Despite challenges in the Canada-China relationship, both sides should focus on strengthening cooperation in various fields, Chinese Ambassador to Canada Cong Peiwu said.
Cong spoke during a recent webinar, "China's Development: Its Impact on the World and Canada-China Relations", held by the Institute for Peace and Diplomacy.
Against the backdrop of a pandemic and a chill in Sino-Canadian relations, Canada's exports to China increased by about 8 percent in 2020 while Canada's overall exports fell by about 12 percent.
"This reflects the resilience of China-Canada economic and trade relations," Cong said.
The ambassador said China and Canada are not entangled in historical issues nor do they have major conflicts of interest. The economies of the two countries are highly complementary, and both are committed to promoting free trade, "which means we are natural cooperation partners".
With 1.4 billion people and a middle-income group 400 million strong, China offers a huge market. There is great demand in China for higher-quality products and services, which Canada can provide, according to Cong.
Against the backdrop of a pandemic and a chill in Sino-Canadian relations, Canada's exports to China increased by about 8 percent in 2020 while Canada's overall exports fell by about 12 percent
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Meanwhile, China is stepping up preparations for the 2022 Beijing Winter Olympics, which will provide opportunities for the two countries to cooperate in winter sports and related industries.
China and Canada also share interests such as addressing climate change and promoting environmental protection, "where the two sides can further strengthen coordination and cooperation".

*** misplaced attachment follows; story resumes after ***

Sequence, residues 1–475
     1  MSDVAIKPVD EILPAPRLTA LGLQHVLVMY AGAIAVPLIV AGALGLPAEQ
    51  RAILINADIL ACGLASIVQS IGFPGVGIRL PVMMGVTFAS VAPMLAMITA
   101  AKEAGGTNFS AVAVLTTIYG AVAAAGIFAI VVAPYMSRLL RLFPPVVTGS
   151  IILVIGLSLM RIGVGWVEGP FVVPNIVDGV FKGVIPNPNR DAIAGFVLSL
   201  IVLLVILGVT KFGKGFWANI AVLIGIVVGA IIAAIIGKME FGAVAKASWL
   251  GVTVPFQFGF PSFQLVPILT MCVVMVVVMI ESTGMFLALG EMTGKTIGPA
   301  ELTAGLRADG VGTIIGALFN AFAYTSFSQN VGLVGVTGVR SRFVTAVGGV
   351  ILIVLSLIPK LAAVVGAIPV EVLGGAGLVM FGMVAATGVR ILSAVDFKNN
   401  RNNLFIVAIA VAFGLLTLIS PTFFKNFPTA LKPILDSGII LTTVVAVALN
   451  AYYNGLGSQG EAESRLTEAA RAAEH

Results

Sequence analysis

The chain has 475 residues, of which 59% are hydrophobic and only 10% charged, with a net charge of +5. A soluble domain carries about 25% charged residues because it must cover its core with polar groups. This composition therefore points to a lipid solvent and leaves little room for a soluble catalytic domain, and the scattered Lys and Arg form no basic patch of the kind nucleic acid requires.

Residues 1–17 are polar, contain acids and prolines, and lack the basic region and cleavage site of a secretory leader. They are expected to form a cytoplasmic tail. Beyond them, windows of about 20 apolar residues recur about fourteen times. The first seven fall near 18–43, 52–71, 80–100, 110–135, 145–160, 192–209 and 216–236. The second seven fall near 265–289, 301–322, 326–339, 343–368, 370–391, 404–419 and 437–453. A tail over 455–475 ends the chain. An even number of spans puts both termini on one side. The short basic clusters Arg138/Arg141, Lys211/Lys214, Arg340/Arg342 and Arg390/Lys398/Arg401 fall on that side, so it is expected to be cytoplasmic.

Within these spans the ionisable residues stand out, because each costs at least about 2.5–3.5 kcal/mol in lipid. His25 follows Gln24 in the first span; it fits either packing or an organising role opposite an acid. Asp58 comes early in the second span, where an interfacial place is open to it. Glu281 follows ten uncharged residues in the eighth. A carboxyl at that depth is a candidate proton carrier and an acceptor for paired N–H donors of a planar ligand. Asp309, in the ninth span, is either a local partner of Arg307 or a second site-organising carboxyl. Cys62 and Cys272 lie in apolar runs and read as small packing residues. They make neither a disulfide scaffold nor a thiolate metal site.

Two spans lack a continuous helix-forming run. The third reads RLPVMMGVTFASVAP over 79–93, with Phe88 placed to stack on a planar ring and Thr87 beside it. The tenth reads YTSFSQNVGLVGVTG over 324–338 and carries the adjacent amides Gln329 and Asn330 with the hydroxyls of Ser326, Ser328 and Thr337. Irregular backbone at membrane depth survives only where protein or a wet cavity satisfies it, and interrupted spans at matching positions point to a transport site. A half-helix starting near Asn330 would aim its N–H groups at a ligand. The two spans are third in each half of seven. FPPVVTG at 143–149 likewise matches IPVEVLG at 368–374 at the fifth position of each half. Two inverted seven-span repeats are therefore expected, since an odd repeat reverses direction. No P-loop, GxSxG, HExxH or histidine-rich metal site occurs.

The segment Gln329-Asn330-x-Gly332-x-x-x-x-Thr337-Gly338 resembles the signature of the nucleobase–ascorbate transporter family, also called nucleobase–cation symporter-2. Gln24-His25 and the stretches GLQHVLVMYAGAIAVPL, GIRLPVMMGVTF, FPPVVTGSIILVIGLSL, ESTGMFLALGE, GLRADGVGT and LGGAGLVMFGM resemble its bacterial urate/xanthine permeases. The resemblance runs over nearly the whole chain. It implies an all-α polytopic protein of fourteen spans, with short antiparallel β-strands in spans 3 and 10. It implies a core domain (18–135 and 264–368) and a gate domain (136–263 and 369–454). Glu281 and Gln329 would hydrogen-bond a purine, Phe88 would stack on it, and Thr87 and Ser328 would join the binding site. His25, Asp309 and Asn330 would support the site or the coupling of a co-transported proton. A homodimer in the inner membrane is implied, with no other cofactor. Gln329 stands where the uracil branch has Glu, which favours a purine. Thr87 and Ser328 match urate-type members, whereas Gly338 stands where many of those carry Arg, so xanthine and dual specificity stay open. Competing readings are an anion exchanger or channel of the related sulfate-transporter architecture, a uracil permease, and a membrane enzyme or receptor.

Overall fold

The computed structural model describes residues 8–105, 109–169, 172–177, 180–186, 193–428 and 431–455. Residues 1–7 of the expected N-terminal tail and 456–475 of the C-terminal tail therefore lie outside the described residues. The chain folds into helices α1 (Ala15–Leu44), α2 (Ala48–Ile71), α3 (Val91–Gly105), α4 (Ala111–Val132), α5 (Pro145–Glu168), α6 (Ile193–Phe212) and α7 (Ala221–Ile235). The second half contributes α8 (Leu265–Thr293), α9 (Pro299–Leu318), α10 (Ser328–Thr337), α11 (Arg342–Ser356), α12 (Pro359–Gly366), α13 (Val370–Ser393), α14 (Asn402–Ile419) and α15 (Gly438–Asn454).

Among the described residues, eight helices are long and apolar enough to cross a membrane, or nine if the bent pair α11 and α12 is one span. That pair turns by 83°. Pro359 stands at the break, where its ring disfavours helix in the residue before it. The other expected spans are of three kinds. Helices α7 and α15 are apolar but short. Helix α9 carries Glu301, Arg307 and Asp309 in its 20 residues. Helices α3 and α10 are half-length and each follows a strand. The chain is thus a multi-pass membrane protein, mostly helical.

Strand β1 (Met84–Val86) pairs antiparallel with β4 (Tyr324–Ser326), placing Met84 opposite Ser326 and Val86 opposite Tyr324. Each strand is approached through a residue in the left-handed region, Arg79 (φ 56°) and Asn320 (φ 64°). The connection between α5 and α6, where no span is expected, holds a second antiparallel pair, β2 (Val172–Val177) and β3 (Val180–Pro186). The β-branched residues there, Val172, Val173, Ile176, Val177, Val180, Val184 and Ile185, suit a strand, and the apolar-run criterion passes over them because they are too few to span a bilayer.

Cong called on the international community to work together so that countries in need have access to COVID-19 vaccines.
'Crux' of contention
However, Canada's detention of Huawei Technologies executive Meng Wanzhou is still the "crux" of contention between the two countries, according to Cong.
"We urge the Canadian side to face up to the political nature of the incident, proceed from the merits of the incident itself and (toward) fairness and justice (and) make correct decisions to release Ms Meng as soon as possible, so as to create conditions for steering China-Canada relations back on track," Cong said.
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Meng, Huawei's chief financial officer, was arrested by Canada at the request of the United States at Vancouver International Airport on Dec 1, 2018. She faces extradition to the US on fraud charges, allegedly putting British bank HSBC at risk of violating US sanctions against Iran. Meng and Huawei have denied the charges.
David Carment, professor at Carleton University's Norman Paterson School of International Affairs, stressed that Canada, China and the US－the great power triangle－should make a commitment to address global calamities.
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